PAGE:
Treatment will be given on an outpatient basis for most skin disorders, but methods of treatment and medications vary. Your veterinarian will tailor a management program that is best for your dog's individual case; if the cause of the dermatosis is known, specific drug therapies may be prescribed.
Some of the possible methods of treatment will be hydrotherapy, which can be applied with either a whirlpool bath, or by spraying cool water under pressure against the ulcerated skin. First, make sure that your veterinarian approves of hydrotherapy as appropriate for your dog's condition. Avoid the temptation to apply over-the-counter creams and ointments to erosions and ulcers without first checking with your veterinarian, since some commonly used products (such as those containing neomycin) can actually cause a delay in healing. Other products may contain alcohol or other ingredients that could inflict pain when applied. Keeping eroded, or ulcerated skin clean and protected, with soap that is specially formulated for sensitive skin, will be key to effective and responsive healing.
Follow-up will be on a case-by-case basis, and will depend on the disease process, the presence of generalized (systemic) diseases, medications used to treat the skin and body, and the potential side effects that can be expected from the medications.
Follow-up care with your veterinarian is important, especially for slowly healing ulcers; the progress of the wound should be monitored at least every other week to be sure that healing is proceeding properly, and that infection has not further complicated the healing process.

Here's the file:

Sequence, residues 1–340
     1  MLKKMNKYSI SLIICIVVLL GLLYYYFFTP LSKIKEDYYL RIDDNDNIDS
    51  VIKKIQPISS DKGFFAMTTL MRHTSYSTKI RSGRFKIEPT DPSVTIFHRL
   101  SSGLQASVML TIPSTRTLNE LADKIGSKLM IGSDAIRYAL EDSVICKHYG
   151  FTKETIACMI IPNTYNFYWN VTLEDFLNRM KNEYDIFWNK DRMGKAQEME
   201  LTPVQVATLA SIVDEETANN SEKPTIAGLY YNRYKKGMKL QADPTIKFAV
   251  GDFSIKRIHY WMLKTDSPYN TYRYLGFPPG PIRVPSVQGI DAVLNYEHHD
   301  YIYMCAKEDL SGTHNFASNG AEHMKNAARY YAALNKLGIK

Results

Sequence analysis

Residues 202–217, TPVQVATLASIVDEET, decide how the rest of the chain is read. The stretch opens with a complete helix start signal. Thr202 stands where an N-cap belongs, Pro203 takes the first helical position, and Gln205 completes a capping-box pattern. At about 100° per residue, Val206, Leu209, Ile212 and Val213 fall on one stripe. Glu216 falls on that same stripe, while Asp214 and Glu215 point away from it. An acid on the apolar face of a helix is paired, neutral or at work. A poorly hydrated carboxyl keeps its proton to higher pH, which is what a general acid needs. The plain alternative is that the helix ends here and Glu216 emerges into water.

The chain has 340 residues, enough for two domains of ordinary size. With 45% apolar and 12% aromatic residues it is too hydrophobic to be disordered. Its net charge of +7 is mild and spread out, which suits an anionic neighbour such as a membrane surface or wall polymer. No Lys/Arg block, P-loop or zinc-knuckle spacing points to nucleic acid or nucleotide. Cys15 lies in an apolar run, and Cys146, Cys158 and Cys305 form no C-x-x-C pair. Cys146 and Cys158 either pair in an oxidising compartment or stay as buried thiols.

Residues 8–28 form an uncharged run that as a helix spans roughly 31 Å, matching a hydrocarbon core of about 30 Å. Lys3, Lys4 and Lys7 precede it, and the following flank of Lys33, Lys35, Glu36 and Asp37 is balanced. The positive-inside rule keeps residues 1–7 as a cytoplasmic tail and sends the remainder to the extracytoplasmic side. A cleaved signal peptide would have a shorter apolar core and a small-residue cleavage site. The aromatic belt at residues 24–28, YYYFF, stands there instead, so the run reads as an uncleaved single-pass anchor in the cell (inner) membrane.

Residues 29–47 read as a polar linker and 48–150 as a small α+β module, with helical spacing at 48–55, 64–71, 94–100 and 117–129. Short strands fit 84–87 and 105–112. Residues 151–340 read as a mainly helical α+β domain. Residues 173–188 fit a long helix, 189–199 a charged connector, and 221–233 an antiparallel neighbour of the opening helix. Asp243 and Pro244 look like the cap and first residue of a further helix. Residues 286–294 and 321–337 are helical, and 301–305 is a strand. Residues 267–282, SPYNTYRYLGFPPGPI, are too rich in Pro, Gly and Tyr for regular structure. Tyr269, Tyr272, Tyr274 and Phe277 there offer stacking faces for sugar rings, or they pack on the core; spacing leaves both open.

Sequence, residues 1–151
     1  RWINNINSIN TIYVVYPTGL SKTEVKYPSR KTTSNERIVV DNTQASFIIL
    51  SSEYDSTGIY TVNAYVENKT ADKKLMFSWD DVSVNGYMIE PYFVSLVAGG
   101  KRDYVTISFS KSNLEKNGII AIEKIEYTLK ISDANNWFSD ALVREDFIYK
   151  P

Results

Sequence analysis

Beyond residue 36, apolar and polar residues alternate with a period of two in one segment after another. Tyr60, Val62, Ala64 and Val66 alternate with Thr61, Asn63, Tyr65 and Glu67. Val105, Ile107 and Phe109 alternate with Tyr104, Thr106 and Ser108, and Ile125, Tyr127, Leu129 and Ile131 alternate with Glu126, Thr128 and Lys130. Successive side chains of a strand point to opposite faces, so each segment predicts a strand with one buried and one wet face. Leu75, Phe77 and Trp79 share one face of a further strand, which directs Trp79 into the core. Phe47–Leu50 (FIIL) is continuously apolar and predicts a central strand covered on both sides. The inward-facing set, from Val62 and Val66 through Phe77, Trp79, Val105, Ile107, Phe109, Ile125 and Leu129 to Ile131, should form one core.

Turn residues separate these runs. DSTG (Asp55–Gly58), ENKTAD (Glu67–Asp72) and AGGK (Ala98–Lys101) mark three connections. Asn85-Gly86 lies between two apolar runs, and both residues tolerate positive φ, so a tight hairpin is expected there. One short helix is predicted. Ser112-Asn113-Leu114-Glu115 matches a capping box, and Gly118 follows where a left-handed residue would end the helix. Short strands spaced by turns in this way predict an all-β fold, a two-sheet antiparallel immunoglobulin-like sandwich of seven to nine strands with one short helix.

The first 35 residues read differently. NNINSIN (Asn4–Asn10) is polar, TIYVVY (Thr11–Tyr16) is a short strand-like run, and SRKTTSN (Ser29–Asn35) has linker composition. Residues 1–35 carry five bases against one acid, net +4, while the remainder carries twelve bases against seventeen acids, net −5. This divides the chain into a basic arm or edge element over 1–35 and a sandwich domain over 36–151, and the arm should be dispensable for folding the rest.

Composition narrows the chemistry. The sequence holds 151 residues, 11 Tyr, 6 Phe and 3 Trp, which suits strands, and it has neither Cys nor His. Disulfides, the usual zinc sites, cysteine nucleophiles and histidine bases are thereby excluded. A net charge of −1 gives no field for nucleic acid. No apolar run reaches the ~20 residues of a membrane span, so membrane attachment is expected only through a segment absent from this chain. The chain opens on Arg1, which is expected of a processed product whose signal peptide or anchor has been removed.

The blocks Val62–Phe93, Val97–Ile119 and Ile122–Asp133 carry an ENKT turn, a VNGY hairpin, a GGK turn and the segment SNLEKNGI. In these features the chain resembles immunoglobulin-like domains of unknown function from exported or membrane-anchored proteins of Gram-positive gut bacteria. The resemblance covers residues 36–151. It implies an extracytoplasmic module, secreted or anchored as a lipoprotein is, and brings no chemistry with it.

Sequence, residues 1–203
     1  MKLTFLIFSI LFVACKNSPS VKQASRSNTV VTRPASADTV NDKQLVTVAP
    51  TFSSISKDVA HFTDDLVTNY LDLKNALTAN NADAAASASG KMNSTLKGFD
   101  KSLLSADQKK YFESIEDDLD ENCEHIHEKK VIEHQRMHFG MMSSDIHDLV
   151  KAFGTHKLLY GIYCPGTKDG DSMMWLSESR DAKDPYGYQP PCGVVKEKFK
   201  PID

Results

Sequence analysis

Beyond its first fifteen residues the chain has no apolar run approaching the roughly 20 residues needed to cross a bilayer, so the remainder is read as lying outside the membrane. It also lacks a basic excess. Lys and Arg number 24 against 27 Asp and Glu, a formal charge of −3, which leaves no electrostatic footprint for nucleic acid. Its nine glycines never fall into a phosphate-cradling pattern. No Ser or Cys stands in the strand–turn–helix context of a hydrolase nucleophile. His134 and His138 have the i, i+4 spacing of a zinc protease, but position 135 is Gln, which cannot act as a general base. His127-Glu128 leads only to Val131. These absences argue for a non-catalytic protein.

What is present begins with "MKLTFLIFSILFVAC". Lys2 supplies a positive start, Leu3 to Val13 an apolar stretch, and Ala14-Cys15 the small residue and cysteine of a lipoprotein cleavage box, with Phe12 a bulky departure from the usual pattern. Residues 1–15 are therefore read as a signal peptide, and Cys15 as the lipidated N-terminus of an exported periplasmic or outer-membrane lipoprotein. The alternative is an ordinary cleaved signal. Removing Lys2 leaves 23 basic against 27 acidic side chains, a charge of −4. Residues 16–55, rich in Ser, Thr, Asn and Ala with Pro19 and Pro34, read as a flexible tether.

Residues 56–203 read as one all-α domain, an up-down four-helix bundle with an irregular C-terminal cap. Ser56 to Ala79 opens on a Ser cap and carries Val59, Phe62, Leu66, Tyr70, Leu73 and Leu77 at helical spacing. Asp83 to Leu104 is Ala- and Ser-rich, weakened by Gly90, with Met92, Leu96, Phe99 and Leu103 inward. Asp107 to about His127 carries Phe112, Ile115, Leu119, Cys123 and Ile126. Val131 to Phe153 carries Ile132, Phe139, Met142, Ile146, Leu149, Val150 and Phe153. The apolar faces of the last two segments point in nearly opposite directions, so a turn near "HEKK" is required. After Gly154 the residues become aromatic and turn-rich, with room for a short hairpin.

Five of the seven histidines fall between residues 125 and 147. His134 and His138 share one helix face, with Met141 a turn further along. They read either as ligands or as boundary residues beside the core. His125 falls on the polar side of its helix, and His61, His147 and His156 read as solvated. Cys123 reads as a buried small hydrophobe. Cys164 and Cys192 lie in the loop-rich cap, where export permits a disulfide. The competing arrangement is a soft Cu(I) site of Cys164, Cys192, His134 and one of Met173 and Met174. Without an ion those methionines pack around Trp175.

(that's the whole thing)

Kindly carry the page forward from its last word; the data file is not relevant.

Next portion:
A product made of fluid, cell waste, and cells
A type of disease that is created by the presence of fungus in living things
A disease of the skin in which it emits pus
Something that is related to the whole body and not just one particular part or organ
Any inflammation of a blood vessel or lymph.
The term for the nostrils and muscles in the upper and lower lips of an animal; may also be used to describe a type of tool used to keep an animal from biting
The act of urinating on objects or areas as a method of marking territory
Small structures that filter out the lymph and store lymphocytes
A condition in which the skin becomes inflamed
The process of removing tissue to examine it, usually for medical reasons.
A condition of the skin
Relating to a disease of unknown origin, which may or may not have arisen spontaneously
a) living in an environment lacking free oxygen b) pertaining to an organism with the ability to live in an environment lacking free oxygen.
A change in the way that tissue is constructed; a sore
The term for a disease of the skin caused by certain mites